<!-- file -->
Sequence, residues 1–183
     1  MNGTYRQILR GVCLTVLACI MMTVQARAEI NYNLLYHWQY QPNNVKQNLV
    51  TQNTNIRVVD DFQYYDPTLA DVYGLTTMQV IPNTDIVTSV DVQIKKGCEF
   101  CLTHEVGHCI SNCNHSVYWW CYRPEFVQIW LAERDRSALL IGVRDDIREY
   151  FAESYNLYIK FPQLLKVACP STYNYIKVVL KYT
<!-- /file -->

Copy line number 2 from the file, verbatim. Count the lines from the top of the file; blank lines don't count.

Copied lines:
     1  MNGTYRQILR GVCLTVLACI MMTVQARAEI NYNLLYHWQY QPNNVKQNLV